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What a pain

Fibromyalgia is an unfortunately common condition that manifests as pain and tenderness in joints, muscles and soft tissue. This is sometimes combined with other symptoms such as chronic headaches or nausea – complicating diagnosis and contributing to the debilitating nature of the condition.

Fibromyalgia can seem unbearable at times – not least because the condition is notoriously hard to treat. Improvement is often gradual, and slow-paced at that.

Alkalising the diet is often recommended, with particular focus on foods that reduce inflammation and promote circulation. Avoiding allergenic foods is also recommended. Nutritional supplementation can be highly beneficial – particularly Magnesium, B12, Vitamin C, Bioflavonoids (such as Quercetin), and Coenzyme Q10.

Stress and mental state plays a major role in symptom progression – the power of the mind is a very real factor in pain perception. Learning to manage stress and channel negative thoughts is an important part of dealing with fibromyalgia.

The below suggestions below can help to calm the nervous system and reduce pain:

  • Deep-breathing exercises. Breathe in slowly and deeply through your nose to a count of five. Hold the air in your lungs for a count of five and then breathe out slowly through your mouth to a count of 10.
  • Progressive muscle relaxation. Tighten and then relax body parts one at a time, starting at either your head or your feet.
  • Meditation. Focusing on a single object or repeating a particular sound can help quiet your mind and relax your muscles.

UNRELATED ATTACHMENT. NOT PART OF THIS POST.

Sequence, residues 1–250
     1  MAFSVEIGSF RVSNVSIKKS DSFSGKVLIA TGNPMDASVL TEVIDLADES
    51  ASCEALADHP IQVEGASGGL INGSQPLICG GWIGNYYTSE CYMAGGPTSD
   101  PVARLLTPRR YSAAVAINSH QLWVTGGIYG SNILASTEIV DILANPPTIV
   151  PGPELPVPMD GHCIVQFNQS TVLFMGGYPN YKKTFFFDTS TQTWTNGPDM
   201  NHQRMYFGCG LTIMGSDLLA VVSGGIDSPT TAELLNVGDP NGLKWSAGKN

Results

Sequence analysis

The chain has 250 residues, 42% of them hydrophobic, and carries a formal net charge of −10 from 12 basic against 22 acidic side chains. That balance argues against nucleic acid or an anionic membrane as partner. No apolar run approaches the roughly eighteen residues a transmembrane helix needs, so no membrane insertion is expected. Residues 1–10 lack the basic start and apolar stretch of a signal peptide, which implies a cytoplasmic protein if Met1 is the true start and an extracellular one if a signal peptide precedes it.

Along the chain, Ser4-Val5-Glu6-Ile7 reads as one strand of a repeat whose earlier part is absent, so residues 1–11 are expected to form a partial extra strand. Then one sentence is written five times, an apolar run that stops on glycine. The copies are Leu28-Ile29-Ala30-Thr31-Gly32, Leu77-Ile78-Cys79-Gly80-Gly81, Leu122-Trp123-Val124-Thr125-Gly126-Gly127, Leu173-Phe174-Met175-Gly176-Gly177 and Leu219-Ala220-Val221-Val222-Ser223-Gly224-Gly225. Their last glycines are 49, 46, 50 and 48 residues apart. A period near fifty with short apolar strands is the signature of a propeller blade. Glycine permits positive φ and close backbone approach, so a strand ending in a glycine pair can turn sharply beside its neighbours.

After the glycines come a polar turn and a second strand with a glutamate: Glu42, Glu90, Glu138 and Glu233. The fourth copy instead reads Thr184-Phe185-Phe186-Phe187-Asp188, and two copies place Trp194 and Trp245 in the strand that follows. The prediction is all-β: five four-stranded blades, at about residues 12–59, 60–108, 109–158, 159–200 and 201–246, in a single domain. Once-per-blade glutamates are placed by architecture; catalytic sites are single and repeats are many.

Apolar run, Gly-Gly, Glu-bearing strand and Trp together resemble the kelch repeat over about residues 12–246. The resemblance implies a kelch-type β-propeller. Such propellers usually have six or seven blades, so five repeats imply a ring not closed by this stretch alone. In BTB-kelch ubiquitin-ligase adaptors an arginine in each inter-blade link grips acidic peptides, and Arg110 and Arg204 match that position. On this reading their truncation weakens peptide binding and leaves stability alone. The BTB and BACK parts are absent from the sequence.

Ultimately, there is no one remedy / set of exercises / dietary regime that will ‘fix’ fibromyalgia. However, there are many options available to help those suffering and relieve – at least some of – their pain.

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About Kathleen Murphy

Australian naturopath and freelance writer, based in Sydney. I love working with people from all walks of life, helping them institute changes that can become life-long health habits. I can be found at Uclinic | 421 Bourke Street, Surry Hills | Ph: 02 9332 0400 |

3 responses »

  1. tessafinneybrown

    Have you ever tried celloids for fibromyalgia?

    Reply
  2. No Tess I haven’t – you?
    I have however discussed cases with practitioners who do.. I just don’t seem to use celloids very much in my own practice. Something for me to look into? Yes, maybe.

    Reply
  3. tessafinneybrown

    No, I haven’t as yet. I tend not to use celloids much either, but keep hearing raves about them so am going to start using them more I think…

    Reply

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